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Report: Employer showed race bias

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GREENFIELD — The Indiana Civil Rights Commission announced Monday a finding of probable cause to believe a Greenfield nursing home discriminated against two African-American employees when they were terminated last year.

In two separate notices last week, Akia Haynes, deputy director of the agency, said that probable cause existed to believe that Sugar Creek Nursing and Rehabilitation, 5430 W. U.S. 40, acted improperly when it fired the employees. According to the notices, the employees were dismissed after violations of company policy over a four-month period.

According to the findings, both women were hired as certified nurse’s aides in spring 2013.

Both were accused of violating company rules on patient care, ranging from substandard care or refusal to care for patients; missing work; and administrative lapses. Both were suspended pending the outcome of the company’s investigation and then terminated on Sept. 20, 2013.

However, the employees alleged that a nurse’s aide who is white engaged in similar conduct and was treated more favorably: That employee was neither fired nor suspended after an investigation of her conduct, the commission found. Instead, that employee was “merely issued a reprimand,” Haynes wrote.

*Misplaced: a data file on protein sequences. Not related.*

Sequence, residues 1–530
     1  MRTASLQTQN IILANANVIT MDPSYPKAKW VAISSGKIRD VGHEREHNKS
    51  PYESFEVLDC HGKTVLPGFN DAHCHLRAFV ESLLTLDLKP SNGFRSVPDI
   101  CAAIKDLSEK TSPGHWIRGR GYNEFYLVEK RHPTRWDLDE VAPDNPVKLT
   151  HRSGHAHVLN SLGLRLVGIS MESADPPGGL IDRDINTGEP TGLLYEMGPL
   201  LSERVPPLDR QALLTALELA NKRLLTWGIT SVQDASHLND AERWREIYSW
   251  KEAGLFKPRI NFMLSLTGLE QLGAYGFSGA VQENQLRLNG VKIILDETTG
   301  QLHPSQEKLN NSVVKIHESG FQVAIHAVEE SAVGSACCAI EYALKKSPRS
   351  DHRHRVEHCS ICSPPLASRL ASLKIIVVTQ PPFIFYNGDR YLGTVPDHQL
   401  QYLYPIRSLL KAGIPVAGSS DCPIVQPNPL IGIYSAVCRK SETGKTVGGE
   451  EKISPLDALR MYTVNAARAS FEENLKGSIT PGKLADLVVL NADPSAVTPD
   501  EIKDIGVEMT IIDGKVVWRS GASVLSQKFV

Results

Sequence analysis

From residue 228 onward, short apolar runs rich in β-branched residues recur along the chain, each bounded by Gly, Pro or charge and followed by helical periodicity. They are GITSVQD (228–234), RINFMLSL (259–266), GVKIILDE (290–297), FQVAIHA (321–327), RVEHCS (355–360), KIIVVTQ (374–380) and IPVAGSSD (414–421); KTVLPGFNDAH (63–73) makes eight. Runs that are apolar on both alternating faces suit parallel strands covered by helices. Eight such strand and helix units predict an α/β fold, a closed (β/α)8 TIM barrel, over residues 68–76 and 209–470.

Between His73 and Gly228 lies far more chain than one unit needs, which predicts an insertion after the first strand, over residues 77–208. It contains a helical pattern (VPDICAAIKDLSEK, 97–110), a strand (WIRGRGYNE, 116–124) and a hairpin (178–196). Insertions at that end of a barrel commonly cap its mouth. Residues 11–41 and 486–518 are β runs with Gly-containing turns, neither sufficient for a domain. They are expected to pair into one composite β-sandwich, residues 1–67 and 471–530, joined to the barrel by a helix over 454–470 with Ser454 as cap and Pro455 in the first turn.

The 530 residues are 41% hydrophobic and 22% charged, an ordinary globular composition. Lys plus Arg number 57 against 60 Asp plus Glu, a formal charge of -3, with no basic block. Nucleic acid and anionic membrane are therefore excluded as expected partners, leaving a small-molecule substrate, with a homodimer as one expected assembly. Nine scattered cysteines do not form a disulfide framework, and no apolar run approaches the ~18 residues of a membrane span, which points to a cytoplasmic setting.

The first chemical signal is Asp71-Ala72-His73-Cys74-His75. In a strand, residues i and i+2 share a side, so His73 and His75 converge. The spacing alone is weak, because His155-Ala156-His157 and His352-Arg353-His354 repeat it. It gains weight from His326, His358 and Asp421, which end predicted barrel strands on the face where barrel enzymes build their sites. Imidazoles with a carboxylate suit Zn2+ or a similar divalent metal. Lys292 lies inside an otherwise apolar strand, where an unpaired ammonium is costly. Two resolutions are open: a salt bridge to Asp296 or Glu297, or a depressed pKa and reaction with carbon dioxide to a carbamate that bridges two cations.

“Simply stated, there is sufficient evidence to show that the Caucasian CNA was treated more favorably under similar circumstances…,” Haynes wrote in her findings.

According to a statement from the commission, the probable-cause findings do not resolve the employees’ civil rights complaints against the nursing home. They mean only that “there is sufficient evidence to support reasonable suspicion that the Indiana Civil Rights Law has been violated” after the state’s preliminary investigation, according to a news release.

“Now that the probable cause finding has been issued, the parties have 20 days to come to a mediation agreement,” said Brad Meadows, the commission’s deputy director of external affairs. If a mediated settlement cannot be reached, the case will go before an administrative law judge for a decision, which can be appealed to either a state or federal court, Meadows said.

Sugar Creek facility administrator Jackie Adams was unable to comment on the matter Monday; the employees were terminated prior to her arrival at Sugar Creek last November.

A representative from Ide Management Group, which manages the facility, was not immediately available for comment Monday.

The company owns, manages and operates assisted-living and skilled nursing facilities in Indiana, Illinois, Wisconsin and Iowa, according to the company’s website.

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